REFEREE TIPS (6 more articles below)
Pre-Game Warm-Up "Dynamic Flexibility"
Michael Sabatelle, GISOA (MEd, Retired ATC, LAT, OTC)
Perform the following movements, near the touch line (without interfering with players and/or coaches), from the end line to the top of the penalty area and back to the end line (36 yds.):
1-Jog forward *18 yds., jog back backwards *18 yds.
2-Skip forward*, skip back* backwards
3-Side-shuffle left*, side-shuffle right* back
4-Jog forward* heels to butt, jog back* backwards heels to butt
5-Jog forward* with high knees, jog back* forward
6-Carioca "grapevine" left*, carioca right back*
7-Diagonal side-shuffle forward* (right and left) diagonal side-shuffle back* backwards
8-While walking forward* with a rhythm, alternate hip rotations, "closing a gate" movement right and left. Return to start* (end line) performing "opening the gate" hip movements.
9-Jog forward* with curved (narrow S-shaped) pattern, jog back* backwards with curved pattern
10-Jog forward* while performing simultaneous double arm circles in front of your body. Jog back* backwards performing the same arm circles in the reverse direction.
11-Jog forward* while simultaneously performing single arm circles "freestyle-type", alternate right and left arms. Jog back* backwards with "backstroke-type" arm circles right and left.
12-Complete 5-10 "Inch worms" moving towards*the top of penalty area. Start in a push-up position, keeping your legs as straight as possible, slowly walk your feet (small steps) as close to your hands as possible. Then slowly walk your hands away from your feet and return to the push-up position." (If desired, you can add a push-up(s) with each inch worm. Jog back* to start.
13-Complete 20 "Frankensteins" (10 per leg)
Start in a standing position with your arms fully extended in front of your body, while walking forward*, bring one leg up in the direction of the opposite hand (keep leg as straight as possible). Repeat with the other leg. Jog back* to start.
14-Last 36 yard sequence - create your own combination of movements and vary the speeds in preparation for the game.
TOTAL - 14 round-trips x 36 yds. = 504 yds.
Additional Dynamic Flexibility options: leg pendulum swings (forward/backwards, side to side, knee bent, knee straight) holding a pole, fence, etc. and/or dynamic flexibility exercises on the ground.
John Van de Vaarst
Using Psychology In Soccer Officiating
Be Fit to Referee, Not Referee to be Fit
Kenneth L. Kaylor, M.D.
Offseason Fitness Training: Keys to Speed and Endurance
Kenneth Kaylor, Michael Donovan
Offseason Nutrition for Referees
Michael Donovan, Ph.D
National Intercollegiate Soccer Officials Association
VOLUME 30, NUMBER 4
by Pierce Richardson
Over the years of a referee’s career one may tend to
focus on refereeing only and not on other opportunities
provided by NISOA. Knowing this, in addition to refereeing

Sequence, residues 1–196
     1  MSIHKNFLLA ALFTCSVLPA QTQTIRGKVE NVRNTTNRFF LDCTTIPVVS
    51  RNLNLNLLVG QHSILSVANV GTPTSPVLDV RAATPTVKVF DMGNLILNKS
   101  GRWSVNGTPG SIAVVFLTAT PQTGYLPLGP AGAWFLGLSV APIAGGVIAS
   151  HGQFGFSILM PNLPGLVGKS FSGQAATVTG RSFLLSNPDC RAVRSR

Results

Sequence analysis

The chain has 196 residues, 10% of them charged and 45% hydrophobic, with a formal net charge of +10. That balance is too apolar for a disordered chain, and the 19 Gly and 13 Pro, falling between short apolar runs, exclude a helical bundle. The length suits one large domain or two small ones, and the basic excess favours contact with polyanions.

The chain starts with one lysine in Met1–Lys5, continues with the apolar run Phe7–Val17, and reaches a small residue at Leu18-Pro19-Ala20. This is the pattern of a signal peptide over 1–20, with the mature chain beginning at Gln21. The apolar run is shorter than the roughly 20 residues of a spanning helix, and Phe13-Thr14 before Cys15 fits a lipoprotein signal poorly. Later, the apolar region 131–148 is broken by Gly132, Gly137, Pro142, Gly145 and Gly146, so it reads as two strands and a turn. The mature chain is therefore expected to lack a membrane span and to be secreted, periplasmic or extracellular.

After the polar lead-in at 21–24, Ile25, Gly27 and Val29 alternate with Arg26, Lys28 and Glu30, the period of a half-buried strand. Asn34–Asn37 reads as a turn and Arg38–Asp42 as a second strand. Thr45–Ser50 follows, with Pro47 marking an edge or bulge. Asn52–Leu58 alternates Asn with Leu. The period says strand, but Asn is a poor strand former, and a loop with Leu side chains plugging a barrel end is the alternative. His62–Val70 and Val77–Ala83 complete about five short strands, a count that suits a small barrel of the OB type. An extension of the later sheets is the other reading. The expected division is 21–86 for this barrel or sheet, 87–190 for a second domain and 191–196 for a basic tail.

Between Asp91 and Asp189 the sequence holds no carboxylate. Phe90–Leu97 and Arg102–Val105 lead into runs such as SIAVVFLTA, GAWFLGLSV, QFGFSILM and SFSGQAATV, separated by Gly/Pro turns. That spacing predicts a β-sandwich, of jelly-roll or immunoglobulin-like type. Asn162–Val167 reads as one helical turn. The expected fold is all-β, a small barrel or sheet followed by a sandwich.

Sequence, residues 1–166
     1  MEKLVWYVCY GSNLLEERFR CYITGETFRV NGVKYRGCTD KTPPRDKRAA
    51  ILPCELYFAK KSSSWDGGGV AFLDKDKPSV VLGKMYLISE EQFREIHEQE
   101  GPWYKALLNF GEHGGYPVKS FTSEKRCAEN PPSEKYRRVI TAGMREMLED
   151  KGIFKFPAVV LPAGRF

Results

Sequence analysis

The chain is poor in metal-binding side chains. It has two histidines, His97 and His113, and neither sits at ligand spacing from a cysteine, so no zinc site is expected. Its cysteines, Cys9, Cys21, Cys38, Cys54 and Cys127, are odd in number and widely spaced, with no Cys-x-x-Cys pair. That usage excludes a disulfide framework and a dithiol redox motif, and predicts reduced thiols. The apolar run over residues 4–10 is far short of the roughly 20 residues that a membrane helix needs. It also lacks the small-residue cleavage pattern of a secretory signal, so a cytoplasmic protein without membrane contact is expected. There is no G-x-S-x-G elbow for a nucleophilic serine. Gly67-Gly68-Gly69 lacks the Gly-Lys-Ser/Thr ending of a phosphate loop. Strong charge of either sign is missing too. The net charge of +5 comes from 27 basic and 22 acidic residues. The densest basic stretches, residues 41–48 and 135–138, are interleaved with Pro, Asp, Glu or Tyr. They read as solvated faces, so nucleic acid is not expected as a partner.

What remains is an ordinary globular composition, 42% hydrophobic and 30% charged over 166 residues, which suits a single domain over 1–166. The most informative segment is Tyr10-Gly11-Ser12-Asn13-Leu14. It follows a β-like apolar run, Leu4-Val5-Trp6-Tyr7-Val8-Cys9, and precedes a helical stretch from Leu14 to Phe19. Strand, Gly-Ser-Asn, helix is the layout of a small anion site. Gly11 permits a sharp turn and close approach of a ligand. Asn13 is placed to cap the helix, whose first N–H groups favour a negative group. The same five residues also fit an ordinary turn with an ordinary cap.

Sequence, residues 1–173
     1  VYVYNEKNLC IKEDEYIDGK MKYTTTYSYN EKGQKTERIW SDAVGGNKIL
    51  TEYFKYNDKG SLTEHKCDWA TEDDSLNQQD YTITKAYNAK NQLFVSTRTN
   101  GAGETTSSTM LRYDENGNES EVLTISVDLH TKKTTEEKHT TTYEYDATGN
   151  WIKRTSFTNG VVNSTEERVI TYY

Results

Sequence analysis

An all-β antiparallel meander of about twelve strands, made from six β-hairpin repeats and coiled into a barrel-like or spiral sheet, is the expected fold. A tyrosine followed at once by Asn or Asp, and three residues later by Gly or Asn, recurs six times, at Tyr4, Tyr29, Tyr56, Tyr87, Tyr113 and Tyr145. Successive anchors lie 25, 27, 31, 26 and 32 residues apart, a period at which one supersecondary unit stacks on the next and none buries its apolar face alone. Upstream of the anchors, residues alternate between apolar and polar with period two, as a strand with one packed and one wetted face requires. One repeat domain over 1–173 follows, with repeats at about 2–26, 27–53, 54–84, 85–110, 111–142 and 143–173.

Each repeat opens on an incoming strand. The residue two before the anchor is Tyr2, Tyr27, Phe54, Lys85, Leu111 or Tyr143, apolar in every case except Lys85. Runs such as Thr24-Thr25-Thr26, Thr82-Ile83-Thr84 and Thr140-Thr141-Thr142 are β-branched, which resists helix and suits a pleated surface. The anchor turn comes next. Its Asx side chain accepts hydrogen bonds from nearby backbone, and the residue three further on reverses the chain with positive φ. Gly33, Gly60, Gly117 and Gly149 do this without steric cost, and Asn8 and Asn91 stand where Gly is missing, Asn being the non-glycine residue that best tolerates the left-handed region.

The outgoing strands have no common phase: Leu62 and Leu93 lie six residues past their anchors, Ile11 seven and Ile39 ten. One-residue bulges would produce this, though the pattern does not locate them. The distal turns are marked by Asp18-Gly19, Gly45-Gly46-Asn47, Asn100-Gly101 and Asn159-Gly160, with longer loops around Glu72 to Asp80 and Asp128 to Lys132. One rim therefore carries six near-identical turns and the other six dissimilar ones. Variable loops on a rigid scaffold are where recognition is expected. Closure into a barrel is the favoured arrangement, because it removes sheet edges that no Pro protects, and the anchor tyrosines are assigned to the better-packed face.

several questions should come to mind such as:
• What will be my contribution and involvement with NISOA
after I leave the field or even while still refereeing?
• How? Potential opportunities assessing, assigning, clinician,
I remember back in the early 70’s when I first started officiating.
Every Saturday morning I would go to the local YMCA and
work my 4 or 5 U-6 & U-8 games and EVERY Saturday morning
Mr. Bill O’Toole was there. At this time Mr. O’Toole was in his late
60’s or early 70’s and still had a love for the game that few share.
I would be the referee and Mr. O’Toole would be one of the linesmen
(as it was called then) for me, then he would be the referee
and I would be the linesman. After all of our games were over,
Mr. O’Toole would take me to a shady spot and sometimes we
would spend an hour or more talking about the games and how I
could improve. Mr. O’Toole is no longer with us, but he will always
be remembered by me and many others for what he gave back to
the game and each of us.
One thing NISOA needs is mentors. The organization is currently
developing a formal mentoring program. A seasoned
NISOA member could start informally mentoring now. There is no
need to wait until being asked or told that help is needed. Mentors
differ from assessors or clinicians in that they assist members with
less experience with the overall NISOA culture and become a person
of reference on a more personal basis.
There are many ways a person can mentor another referee.
Some have a great aptitude for fitness, thus can mentor someone
in how to better stay in shape and train. Some have refereed at
the highest level of collegiate soccer and can mentor someone in
achieving this level. Some of you work in a corporate environment
or you are school teachers and can mentor someone in responding
to difficult situations with assessors, assignors, clinicians,
other referees or game management.
Mentoring is not limited to young or new referees. The options
are out there. The key is to take the first step in helping someone.
When I first started officiating college games I was very fortunate,
because I came along at a time when there were many Bill
O’Tooles in the local NISOA chapter who would spend hours and
hours helping me and other young officials develop our abilities.
Once I heard an individual I respected say, "I don’t want to be